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Effect of mild medical hypothermia on in vitro growth of Plasmodium falciparum and the activity of anti-malarial drugs



Cerebral malaria remains a medical emergency with high mortality. Hypo-perfusion due to obstructed blood vessels in the brain is thought to play a key role in the pathophysiology of cerebral malaria leading to neurological impairment, long-term neuro-cognitive sequelae and, potentially, death. Due to the rapid reversibility of vascular obstruction caused by sequestered Plasmodium falciparum, it is hypothesized that mild medical hypothermia—a standard intervention for other medical emergencies—may improve clinical outcome. This preclinical in vitro study was performed to assess the impact of mild hypothermia on parasite growth and the intrinsic activity of anti-malarials drugs.


Three laboratory-adapted clones and two clinical isolates were used for growth assays and standardized drug sensitivity assessments using the standard HRP2 assay. All assays were performed in parallel under normothermic (37 °C), mild hypothermic (32 °C), and hyperthermic (41 °C) conditions.


Parasite growth was higher under standard temperature condition than under hypo- or hyperthermia (growth ratio 0.85; IQR 0.25–1.06 and 0.09; IQR 0.05–0.32, respectively). Chloroquine and mefloquine had comparable in vitro activity under mild hypothermic conditions (ratios for IC50 at 37 °C/32 °C: 0.88; 95 % CI 0.25–1.50 and 0.86; 95 % CI 0.36–1.36, respectively) whereas dihydroartemisinin was more active under mild hypothermic conditions (ratio for IC50 at 37 °C/32 °C: 0.27; 95 % CI 0.19–0.27). Hyperthermia led by itself to almost complete growth inhibition and precluded further testing of the activity of anti-malarial drugs.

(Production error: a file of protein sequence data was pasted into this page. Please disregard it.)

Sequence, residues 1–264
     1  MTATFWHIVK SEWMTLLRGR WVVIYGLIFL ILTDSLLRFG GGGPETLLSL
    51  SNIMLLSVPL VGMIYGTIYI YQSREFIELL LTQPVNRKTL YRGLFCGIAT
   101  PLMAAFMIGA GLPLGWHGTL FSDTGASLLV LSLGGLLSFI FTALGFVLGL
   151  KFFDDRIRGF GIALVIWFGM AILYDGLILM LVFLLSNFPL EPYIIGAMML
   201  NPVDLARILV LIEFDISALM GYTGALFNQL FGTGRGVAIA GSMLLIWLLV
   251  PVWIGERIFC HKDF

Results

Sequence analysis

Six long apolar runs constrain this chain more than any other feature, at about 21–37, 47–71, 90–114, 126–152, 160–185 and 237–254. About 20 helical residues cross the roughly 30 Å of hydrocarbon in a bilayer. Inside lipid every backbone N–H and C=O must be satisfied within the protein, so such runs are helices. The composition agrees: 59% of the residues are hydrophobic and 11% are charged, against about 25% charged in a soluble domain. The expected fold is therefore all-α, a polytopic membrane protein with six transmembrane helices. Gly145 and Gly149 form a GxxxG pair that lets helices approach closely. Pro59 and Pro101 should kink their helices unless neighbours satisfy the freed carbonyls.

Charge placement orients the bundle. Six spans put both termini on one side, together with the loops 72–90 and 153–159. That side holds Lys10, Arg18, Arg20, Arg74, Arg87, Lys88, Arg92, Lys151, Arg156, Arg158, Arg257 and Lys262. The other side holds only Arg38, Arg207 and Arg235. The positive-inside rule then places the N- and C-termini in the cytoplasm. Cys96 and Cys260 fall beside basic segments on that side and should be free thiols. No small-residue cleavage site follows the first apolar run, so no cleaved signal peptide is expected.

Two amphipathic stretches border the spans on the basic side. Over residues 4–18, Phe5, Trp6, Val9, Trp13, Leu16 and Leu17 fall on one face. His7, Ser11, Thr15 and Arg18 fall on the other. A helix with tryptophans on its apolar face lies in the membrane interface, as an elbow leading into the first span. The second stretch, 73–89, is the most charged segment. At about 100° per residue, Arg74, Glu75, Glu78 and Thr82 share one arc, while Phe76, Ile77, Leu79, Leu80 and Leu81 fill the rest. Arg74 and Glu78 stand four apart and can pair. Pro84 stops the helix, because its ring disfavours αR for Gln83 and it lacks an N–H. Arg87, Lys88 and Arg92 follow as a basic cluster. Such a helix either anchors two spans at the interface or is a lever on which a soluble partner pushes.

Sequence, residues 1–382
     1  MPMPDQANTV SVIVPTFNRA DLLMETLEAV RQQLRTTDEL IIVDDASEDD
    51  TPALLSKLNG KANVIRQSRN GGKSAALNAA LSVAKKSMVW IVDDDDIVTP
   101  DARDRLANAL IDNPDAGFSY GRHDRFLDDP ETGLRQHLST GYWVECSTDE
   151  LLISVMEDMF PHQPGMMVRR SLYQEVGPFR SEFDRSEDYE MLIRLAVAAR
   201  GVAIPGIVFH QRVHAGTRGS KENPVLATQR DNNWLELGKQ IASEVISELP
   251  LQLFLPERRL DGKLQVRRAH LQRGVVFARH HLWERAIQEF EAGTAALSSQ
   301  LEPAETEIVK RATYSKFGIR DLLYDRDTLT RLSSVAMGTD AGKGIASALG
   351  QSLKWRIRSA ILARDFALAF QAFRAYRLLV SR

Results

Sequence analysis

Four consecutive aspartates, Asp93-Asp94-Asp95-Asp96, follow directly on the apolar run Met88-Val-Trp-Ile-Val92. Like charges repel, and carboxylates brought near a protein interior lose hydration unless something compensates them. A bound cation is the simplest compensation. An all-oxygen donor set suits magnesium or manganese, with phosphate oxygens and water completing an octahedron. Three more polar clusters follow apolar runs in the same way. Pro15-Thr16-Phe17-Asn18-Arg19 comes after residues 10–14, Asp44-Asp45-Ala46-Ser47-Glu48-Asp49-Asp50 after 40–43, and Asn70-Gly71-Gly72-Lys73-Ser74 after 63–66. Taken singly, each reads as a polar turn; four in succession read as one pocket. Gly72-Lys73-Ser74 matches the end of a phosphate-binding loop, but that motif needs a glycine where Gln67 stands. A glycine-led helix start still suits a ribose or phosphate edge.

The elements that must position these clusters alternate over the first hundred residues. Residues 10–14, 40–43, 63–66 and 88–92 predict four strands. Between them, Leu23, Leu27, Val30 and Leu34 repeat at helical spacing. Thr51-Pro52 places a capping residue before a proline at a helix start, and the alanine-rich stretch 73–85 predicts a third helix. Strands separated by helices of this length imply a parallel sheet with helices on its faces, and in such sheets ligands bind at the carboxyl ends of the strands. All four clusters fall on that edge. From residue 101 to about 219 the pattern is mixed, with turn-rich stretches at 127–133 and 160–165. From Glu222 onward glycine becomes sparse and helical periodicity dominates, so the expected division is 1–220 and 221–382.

This preclinical evaluation demonstrates that mild medical hypothermia inhibits in vitro growth of P. falciparum and enhances the pharmacodynamic activity of artemisinin derivatives. Based on these preclinical pharmacodynamic data, the further clinical development of mild medical hypothermia as adjunctive treatment to parenteral artesunate for cerebral malaria is warranted.


Cerebral malaria is a medical emergency requiring the immediate parenteral administration of effective anti-malarial treatment in addition to best available intensive care. Cerebral malaria leads to high mortality and neurological and cognitive long-term sequelae even in settings where optimal intensive care is available [1]. The underlying pathophysiological mechanism is thought to be facilitated by the adherence of erythrocytes infected with Plasmodium falciparum trophozoites to the endothelial cell wall of small cerebral blood vessels with consecutive hypo-perfusion of the brain. This hypo-perfusion, which may lead to progressively increased intracranial pressure, is, however, rapidly reversible by the administration of anti-malarial drugs [2]. Clearance of parasites from peripheral blood is usually achieved within 24 h in most African settings, where the burden of severe malaria is highest—constituting a relatively short period of time for vulnerability of brain tissue [3].